The population projections used to produce our long-term fiscal projections are underpinned by projections for age-specific fertility and mortality rates. In this box we considered two different ways of summarising trends in these rates - period and cohort metrics - and discussed their relative advantages.

Economy categories: Labour market, Population and migration

Cross-cutting categories: Ageing population, Demographics

Demographics of the constituent nations of the UK
This box looked at differences in the Office for National Statistics’ population projections for the four constituent nations of the UK. It discussed the nations’ relative size and ageing, and possible implications for fiscal sustainability.

Economy categories: Labour market, Population and migration

Cross-cutting categories: Ageing population, Demographics, Devolution

Post-referendum forecast judgements
In the November 2016 EFO we made a number of judgements about how the vote to leave the EU would effect the economy in the near-term. This box from our March 2018 EFO compared these judgements against the outturn data that we had received since then, finding that most of these judgements were broadly on track.
Productivity growth: international comparisons
The outlook for productivity growth is one of the most important and yet uncertain areas of our economy forecast. In this box from our March 2018 EFO we looked at how actual productivity growth can be broken down into contributions from capital deepening and total factor productivity (TFP) growth and how differences in investment across countries could be related to post-crisis productivity performance.
Our first post-EU referendum forecast in November 2016 assumed that leaving the EU would result in a less open economy and lower productivity, but we did not incorporate an explicit link between the two over our medium-term forecast horizon. This box from our March 2018 EFO discusses why we did not include this link and what other forecasters have assumed.
New UK population projections
The Office for National Statistics (ONS) published new UK population projections in October 2017, based on 2016 population estimates and updated assumptions for fertility, mortality and net migration. This box compared the latest projections with the previous 2014-based principal projections that underpinned our March 2017 forecast and summarised their effects on our November 2017 fiscal forecast.

Economy categories: Labour market, Population and migration

Fiscal categories: Welfare spending, State pension

Cross-cutting categories: Pensions, Demographics

PAYE income tax and the distribution of wage growth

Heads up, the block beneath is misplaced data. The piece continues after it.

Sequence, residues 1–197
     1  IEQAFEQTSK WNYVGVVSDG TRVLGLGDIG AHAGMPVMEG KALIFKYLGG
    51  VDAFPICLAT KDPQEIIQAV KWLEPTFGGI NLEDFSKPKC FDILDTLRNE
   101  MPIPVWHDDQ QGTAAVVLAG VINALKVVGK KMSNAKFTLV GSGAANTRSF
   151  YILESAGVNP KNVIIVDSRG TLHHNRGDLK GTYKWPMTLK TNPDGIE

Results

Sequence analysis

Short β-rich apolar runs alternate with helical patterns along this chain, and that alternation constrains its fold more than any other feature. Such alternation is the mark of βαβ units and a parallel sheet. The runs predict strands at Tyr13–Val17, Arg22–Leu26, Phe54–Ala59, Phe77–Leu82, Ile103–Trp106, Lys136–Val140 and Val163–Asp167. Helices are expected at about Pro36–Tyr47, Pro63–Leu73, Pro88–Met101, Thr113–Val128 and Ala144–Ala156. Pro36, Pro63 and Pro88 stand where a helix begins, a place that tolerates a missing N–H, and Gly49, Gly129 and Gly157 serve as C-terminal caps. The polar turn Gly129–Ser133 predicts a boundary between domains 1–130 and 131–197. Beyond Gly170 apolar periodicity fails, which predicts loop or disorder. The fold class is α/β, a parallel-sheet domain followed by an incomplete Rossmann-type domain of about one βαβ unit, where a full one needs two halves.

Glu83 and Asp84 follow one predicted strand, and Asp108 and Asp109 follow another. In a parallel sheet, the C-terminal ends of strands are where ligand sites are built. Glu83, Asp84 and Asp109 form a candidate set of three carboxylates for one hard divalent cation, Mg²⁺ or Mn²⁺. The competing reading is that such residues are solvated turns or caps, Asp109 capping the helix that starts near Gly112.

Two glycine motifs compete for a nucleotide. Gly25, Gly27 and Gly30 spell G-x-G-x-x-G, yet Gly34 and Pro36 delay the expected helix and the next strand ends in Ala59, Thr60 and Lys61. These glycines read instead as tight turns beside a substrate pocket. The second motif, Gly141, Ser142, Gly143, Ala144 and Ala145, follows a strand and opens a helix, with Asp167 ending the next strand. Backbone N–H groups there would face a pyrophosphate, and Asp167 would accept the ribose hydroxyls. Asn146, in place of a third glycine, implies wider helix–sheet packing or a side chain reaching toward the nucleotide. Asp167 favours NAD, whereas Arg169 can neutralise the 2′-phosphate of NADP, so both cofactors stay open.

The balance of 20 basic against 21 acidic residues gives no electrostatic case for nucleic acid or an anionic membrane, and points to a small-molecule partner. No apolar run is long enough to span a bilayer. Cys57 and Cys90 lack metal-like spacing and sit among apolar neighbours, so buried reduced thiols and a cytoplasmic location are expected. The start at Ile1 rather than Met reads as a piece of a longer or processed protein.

PAYE income tax is the Government’s single most important source of revenue, and one where our forecasts since 2010 have tended to be revised down over time. In this box from our March 2017 Economic and fiscal outlook, we explored the role that changes in the distribution of earnings might have played in explaining the shortfalls in income tax receipts.
Other cost pressures in the health sector
Over the past four decades, health spending in the UK rose faster than GDP (on average in real terms) and it increased steadily in real per capita terms. Demographic change alone could have not explained these rising trends, with other factors expected to provide further upward pressures on health spending. This box summarised the key findings of our WP No. 9 that reviewed the latest evidence on demographic and non-demographic determinants of health spending in the UK and its implications for our long-term health spending projections.
In our November 2016 forecast, our first following the June 2016 referendum, we revised down our potential growth forecast, primarily reflecting the effect of weaker business investment on productivity growth. To give some context to our central forecast judgements, this box outlined a number of channels through which the decision to leave the EU could affect potential output and the uncertainty associated with estimating these effects.
Post-crisis revisions to potential output and productivity in the UK and US
The path of productivity growth is a key driver of GDP growth in our forecast and is also one of the most uncertain judgements. In March 2016, given persistent weakness in outturn data, we revised down our forecast for productivity growth. But this issue was not specific to the UK, with productivity having disappointed in many other major advanced economies. This box compared different vintages of UK and US productivity and potential output forecasts since 2010 to illustrate this point.
Productivity revisions over the recession and recovery in the UK and US
Recent estimates of UK GDP growth represent an early draft of economic history that will be revised, often substantially, over time. OECD found that initial estimates of UK GDP growth have tended to be revised up over time. This box also highlights revisions to estimates of US and UK productivity growth between July and November 2015, and the substantial productivity shortfall relative to the US and relative to the pre-crisis trend in the UK.